TYPES OF COLUMN

STONE COLUMNS

Stone columns may consist of a single piece of stone.

Stone columns usually have cylindrical shafts, with a capital on top and a base or pedestal below.

Taller columns were made of sections, often carved with central holes, and pegged together with stone or metal pins. Nelson’s Column in London is made of granite.

The Colosseum in Rome, built between AD 70 and 80, consists mainly of stone columns.

STEEL, CONCRETE, AND BRICK COLUMNS

Modern columns are made of steel, concrete, or brick.

Small metal or wooden supports are called posts. Those with rectangular cross sections are called piers.

COLUMNS UNDER STRESS

Columns frequently fail during earthquakes, either by bending or by twisting. This failure may bring down the entire building that they were supporting.

Earthquake-resistant columns often have vertical steel reinforcing bars and horizontal ties within the rectangular concrete structure.

CONTROL THEORY

Most dynamical engineering systems need control. For example a bicycle needs a braking system to prevent disasters when going downhill.

MODERN CONTROL SYSTEMS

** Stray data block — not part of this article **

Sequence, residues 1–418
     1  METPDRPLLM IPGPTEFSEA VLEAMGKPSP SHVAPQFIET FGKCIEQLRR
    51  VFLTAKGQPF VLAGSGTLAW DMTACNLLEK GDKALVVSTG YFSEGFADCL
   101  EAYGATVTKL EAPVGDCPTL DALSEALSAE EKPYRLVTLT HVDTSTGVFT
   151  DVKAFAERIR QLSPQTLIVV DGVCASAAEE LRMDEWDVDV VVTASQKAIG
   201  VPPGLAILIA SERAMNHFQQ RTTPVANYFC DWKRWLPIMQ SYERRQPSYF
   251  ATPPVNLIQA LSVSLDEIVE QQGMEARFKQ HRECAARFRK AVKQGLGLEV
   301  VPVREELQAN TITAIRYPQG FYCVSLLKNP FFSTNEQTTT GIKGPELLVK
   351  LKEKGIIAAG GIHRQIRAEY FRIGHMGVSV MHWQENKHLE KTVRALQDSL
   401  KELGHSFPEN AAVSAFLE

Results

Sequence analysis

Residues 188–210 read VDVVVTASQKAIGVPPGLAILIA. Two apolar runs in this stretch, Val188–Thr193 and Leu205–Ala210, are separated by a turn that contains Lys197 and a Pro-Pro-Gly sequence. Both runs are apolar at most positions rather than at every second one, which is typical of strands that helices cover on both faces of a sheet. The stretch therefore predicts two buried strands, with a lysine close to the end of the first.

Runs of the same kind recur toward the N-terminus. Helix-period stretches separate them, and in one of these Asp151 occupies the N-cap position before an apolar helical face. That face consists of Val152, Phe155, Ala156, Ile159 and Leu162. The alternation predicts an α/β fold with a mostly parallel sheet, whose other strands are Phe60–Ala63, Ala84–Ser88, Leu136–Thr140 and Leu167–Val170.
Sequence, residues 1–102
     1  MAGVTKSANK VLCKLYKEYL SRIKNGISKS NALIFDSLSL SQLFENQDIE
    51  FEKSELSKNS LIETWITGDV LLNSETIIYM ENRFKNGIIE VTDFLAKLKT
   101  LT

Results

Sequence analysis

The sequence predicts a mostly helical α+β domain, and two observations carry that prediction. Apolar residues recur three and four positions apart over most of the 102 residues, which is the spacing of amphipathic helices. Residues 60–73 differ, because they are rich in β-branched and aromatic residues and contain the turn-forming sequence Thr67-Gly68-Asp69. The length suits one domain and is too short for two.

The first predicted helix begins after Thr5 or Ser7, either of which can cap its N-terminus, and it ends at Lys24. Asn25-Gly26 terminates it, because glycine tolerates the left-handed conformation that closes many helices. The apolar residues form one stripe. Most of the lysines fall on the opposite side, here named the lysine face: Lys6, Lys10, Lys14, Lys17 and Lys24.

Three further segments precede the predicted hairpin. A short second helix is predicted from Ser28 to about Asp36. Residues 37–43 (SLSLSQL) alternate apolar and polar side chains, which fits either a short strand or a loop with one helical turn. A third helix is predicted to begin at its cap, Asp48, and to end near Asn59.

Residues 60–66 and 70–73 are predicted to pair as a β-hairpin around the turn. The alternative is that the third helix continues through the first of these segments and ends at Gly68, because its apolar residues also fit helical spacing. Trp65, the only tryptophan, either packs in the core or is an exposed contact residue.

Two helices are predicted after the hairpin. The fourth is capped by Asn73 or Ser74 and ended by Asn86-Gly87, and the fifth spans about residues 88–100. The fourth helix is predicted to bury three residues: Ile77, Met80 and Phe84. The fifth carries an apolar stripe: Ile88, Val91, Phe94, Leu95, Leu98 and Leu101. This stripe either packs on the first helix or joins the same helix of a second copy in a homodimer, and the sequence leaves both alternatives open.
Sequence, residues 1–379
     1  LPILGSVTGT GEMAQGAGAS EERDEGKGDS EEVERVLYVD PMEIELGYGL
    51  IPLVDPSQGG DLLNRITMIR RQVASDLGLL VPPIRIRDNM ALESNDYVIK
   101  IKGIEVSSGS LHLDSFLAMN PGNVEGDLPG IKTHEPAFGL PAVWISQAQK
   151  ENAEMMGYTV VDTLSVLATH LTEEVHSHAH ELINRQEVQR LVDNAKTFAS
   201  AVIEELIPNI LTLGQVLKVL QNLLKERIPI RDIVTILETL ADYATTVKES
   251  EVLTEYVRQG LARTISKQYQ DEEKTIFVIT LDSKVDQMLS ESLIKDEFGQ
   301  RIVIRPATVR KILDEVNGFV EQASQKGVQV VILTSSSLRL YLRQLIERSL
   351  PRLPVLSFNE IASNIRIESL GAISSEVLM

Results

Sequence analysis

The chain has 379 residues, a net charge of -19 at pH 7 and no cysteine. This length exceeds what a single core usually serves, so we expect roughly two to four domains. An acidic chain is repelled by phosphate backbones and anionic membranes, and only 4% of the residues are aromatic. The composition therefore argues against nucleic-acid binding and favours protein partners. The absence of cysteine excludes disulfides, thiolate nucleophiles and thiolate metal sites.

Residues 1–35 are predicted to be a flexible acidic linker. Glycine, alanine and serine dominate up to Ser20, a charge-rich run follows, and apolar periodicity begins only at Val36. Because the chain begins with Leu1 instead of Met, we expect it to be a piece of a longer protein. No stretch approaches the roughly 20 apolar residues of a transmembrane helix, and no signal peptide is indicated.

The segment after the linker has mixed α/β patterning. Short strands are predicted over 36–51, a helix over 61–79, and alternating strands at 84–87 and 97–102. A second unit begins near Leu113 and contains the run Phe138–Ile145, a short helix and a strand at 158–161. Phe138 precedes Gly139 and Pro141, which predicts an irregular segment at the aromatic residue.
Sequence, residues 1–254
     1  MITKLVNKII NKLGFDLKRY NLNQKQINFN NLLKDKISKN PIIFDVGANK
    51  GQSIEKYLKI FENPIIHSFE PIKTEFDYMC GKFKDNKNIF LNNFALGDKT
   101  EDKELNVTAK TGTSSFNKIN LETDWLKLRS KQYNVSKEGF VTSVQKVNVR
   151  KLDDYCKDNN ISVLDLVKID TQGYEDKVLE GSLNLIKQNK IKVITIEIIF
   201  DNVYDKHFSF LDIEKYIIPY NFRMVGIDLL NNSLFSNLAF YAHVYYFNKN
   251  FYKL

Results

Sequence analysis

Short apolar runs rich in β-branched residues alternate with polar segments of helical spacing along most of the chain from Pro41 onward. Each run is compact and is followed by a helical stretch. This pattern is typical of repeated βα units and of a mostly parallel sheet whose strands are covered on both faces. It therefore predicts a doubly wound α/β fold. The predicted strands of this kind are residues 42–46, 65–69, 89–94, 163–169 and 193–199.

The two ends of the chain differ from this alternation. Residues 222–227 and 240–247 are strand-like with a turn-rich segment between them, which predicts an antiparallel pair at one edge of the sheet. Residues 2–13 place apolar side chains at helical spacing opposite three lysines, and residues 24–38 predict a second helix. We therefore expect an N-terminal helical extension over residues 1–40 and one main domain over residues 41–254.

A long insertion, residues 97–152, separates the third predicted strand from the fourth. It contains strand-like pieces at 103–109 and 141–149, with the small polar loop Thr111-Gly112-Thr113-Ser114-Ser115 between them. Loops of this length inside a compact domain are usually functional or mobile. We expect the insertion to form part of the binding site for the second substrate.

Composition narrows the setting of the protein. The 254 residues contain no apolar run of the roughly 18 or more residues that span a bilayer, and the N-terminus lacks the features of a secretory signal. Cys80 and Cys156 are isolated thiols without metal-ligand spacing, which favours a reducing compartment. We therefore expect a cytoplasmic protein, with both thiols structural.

OPEN LOOP

The simplest form of automatic control is an open-loop system. A central heating system may be programmed to operate from 8 a.m. to 10 a.m., whatever the temperature of the building.

CLOSED LOOP

In a closed-loop system there is feedback from the process. The central heating system may be controlled by a thermostat, which switches the system on when the building is colder that the set temperature of, say, 70°F, and switches it off again when the temperature reaches 70°F.

WATER CLOCK

One of the earliest known control systems was the clepsydra or water clock designed by Ctesibius around 250 BC. Water dripped from one container into another, where the depth of water indicated the time on a scale or dial. To ensure a steady flow, Ctesibius made sure the upper vessel was always full to the brim. These were the most accurate clocks for hundreds of years.